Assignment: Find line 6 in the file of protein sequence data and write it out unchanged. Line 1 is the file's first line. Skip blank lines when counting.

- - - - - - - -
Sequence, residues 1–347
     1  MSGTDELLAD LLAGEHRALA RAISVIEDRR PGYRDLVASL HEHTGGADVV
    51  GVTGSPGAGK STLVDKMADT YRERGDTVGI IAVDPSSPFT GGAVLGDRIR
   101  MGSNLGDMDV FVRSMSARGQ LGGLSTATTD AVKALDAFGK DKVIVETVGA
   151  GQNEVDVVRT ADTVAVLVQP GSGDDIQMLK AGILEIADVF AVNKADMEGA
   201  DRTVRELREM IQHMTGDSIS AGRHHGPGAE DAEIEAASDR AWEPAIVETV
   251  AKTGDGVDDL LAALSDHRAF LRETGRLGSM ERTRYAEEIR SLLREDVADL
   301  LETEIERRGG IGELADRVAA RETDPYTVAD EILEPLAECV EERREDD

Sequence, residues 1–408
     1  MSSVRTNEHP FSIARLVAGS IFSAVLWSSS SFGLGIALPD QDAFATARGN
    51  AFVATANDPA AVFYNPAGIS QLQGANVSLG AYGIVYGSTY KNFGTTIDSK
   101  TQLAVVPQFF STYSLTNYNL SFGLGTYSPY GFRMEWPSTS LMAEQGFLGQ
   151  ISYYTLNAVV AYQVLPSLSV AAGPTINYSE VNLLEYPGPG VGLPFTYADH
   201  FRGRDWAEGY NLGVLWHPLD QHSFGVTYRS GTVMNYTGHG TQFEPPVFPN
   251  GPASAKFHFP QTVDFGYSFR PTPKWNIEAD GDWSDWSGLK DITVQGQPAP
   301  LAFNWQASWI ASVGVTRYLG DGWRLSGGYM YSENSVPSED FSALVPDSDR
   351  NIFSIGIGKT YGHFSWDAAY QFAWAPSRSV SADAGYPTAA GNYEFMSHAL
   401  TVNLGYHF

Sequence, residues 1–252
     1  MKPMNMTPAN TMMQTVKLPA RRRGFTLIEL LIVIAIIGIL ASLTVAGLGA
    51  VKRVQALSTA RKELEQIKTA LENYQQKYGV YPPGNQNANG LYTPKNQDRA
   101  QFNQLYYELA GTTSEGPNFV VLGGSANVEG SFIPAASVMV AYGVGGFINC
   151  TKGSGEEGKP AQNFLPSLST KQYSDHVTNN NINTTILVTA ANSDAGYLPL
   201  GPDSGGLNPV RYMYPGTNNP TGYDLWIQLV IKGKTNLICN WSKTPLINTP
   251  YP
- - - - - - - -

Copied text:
   201  DRTVRELREM IQHMTGDSIS AGRHHGPGAE DAEIEAASDR AWEPAIVETV